Kobie Marketing is a loyalty marketing agency working with airline and frequent travel programs to acquire and retain high-value members, create profitable customer relationships, develop effective promotions and improve “Customer Lifetime Value”. We spoke with VP of Loyalty Strategy, Dave Andreadakis. The conversation will give you a look into what might be coming down the line for loyalty programs.
In general, what role does a loyalty program play in the success of businesses?
Loyalty programs play a few different roles. For the brand, two simple things are happening. The first is that loyalty programs are enticing customers to stay loyal, which is clearly a positive goal. The second is that brands can now get access to deeper granular data—and thus get to know their customers more intimately— through their loyalty program platforms. Consumers sometimes have difficulty deciding to stay loyal to a company. They love the brand, they love the products, but often the notion of sticking around and being dedicated to that company doesn’t always come first and foremost in customers’ minds. Loyalty programs provide a value proposition to the customer—they can see an accumulation of points toward a product or offering or even a trip, if they stick around.
What are some loyalty program trends you’re currently seeing?
It’s a really interesting time in the loyalty space. First, many of the longer-lived programs and their members are seeing their currency lose value, which is causing a great deal of concern among these programs. Program managers do recognize what’s happening and want to return that lost value to their best customers. And for many, that means exploring ways to provide unique value in or outside of the program itself, trying to find not only behavioral incentives but emotional incentives that they can offer customers as a form of rewards. Another fascinating trend we’re seeing is the strong performance from some newer entrants into the loyalty program market. These up-and-coming companies that seem like startups are designing some intriguing programs with unique value propositions that could pose a threat to some of the large, well-established institutions with years and even decades of building and honing their loyalty programs.
How important is social media to loyalty programs?
I don’t think social media is as important to loyalty programs as they fear. Now, with that said, it’s still a critical component—one that many companies in the loyalty space are of two minds about. On the one hand, companies are afraid of possible negative press. They should be, because on social media it’s not possible to fully control the conversation. Customers can post negative opinions when they wish, and deleting those opinions can backfire drastically. On the other hand, companies also hope that positive experiences will turn customers into brand advocates who share those experiences with their social networks, prompting more “likes” that could result in, say, more plane tickets sold or more hotel stays booked. But that’s not necessarily going to happen. What we need to do is treat social media as the real social setting it is and not try to force the customers into a social environment that they aren’t already active in. Real-world social circles aren’t fixed things. These groups are evolving, living, breath- ing things. That’s why it’s better to use social media as a channel in which you can interact and not something you’re trying to control.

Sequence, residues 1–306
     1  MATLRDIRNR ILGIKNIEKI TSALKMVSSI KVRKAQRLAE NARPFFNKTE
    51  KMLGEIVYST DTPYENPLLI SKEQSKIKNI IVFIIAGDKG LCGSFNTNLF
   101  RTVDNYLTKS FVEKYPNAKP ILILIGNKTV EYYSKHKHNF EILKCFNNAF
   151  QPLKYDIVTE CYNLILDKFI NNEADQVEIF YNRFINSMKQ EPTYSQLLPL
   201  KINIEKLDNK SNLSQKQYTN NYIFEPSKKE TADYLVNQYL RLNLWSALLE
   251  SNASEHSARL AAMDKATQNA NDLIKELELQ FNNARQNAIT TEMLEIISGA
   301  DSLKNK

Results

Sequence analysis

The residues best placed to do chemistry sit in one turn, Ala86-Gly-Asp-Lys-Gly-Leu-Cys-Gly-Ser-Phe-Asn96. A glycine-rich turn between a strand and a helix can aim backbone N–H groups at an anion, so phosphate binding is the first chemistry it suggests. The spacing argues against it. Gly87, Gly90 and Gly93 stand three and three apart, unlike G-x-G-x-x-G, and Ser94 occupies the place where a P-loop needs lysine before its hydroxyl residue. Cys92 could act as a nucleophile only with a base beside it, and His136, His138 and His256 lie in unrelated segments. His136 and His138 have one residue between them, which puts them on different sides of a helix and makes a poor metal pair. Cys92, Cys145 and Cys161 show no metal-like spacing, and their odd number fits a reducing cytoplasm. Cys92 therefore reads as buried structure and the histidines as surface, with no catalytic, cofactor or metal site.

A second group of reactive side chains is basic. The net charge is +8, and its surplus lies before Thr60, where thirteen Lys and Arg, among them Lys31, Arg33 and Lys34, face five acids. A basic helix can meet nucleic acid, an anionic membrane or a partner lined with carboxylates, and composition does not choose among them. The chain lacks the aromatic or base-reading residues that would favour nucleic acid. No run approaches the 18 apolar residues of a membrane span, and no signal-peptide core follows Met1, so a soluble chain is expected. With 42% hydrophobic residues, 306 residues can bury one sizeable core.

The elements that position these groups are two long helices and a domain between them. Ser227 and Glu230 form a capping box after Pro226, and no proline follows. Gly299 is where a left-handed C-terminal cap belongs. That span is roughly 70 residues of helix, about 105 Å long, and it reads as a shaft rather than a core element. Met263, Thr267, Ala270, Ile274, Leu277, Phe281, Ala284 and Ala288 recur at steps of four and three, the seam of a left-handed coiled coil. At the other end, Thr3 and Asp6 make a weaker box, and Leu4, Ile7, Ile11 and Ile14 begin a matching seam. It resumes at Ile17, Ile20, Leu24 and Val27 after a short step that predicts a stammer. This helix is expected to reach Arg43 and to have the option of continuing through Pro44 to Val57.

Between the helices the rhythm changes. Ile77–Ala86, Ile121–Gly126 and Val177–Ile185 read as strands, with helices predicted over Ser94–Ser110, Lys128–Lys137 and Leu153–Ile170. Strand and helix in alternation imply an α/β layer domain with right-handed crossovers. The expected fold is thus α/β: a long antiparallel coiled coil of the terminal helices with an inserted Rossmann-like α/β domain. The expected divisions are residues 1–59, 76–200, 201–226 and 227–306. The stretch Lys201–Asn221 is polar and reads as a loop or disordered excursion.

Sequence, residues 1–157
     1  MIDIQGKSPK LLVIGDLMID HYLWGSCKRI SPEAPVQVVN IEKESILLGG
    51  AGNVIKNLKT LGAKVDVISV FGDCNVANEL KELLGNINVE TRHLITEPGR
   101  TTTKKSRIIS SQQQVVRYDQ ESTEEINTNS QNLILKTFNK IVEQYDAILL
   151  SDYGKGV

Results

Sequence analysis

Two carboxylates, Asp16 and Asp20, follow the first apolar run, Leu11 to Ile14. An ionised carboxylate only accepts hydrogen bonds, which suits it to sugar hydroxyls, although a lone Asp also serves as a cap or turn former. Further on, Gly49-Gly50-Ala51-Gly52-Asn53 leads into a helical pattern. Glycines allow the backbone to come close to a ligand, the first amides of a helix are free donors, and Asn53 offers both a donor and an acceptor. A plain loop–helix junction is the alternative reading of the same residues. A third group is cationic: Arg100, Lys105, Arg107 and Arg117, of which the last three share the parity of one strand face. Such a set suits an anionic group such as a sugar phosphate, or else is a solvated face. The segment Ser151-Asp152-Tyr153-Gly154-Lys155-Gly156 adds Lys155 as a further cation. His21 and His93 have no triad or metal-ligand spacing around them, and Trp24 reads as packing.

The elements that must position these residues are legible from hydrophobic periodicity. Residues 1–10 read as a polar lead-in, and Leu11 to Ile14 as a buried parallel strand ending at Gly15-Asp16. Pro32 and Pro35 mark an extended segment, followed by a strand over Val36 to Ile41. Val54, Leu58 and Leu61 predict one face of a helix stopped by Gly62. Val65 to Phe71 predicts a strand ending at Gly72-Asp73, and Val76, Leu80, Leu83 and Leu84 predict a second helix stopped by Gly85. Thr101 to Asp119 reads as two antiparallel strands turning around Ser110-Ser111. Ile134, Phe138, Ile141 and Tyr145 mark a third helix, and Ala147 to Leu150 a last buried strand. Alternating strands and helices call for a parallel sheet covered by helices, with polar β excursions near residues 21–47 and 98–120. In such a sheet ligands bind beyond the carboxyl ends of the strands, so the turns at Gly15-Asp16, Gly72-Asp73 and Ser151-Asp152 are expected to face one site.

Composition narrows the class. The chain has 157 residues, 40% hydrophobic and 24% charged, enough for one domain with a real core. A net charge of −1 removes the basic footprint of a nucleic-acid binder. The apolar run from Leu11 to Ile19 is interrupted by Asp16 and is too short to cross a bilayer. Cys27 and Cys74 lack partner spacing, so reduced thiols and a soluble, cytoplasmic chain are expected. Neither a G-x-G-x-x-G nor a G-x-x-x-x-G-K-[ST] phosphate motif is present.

Do you think that loyalty programs are doing a good job rewarding their best customers?
In general, I don’t think they are. They offer value propositions that are somewhat enticing and are probably doing a better job rewarding their best customers than rewarding their regular customers. But that’s not the same as doing a good job—I say this because customers generally aren’t satisfied with the relationships they’re having with these companies. People who fly on a weekly basis should feel like they are being given very special treatment, but too often they are not. Hotels are better at this than the airline industry. Even so, take a look at many of the largest programs that still base their rewards on miles flown instead of dollars spent. In many cases their customers feel like they are giving up a lot of their (or their employers’) discretionary income without being rewarded for that spend.
Do you think that the legacy carriers will create a loyalty program based on revenue and move away from mileage-based programs?
Yes, I think they have to. From a profit perspective, the way they reward customers doesn’t make a lot of sense. The last-minute traveler who might have paid twice as much for his airline ticket is getting less of a reward than someone who booked three weeks out—so profitability has to come into play. Programs will have to be smart about how they implement changes because altering their long-established standards means the nature of the relationships they’ve had with customers will also change. Right now, we’re saying to them, “if you travel to an obscure location that requires more stops, we’re going to reward you. And if you go someplace cheap like Florida or Vegas, it doesn’t matter.” What we need to be saying is, “we understand that you’re giving us your money, something precious to you. The more of that precious good you give us, the more we will reward you for it.” And moving toward a program that is based on revenue is the best way to say that. I think that’s fantastic.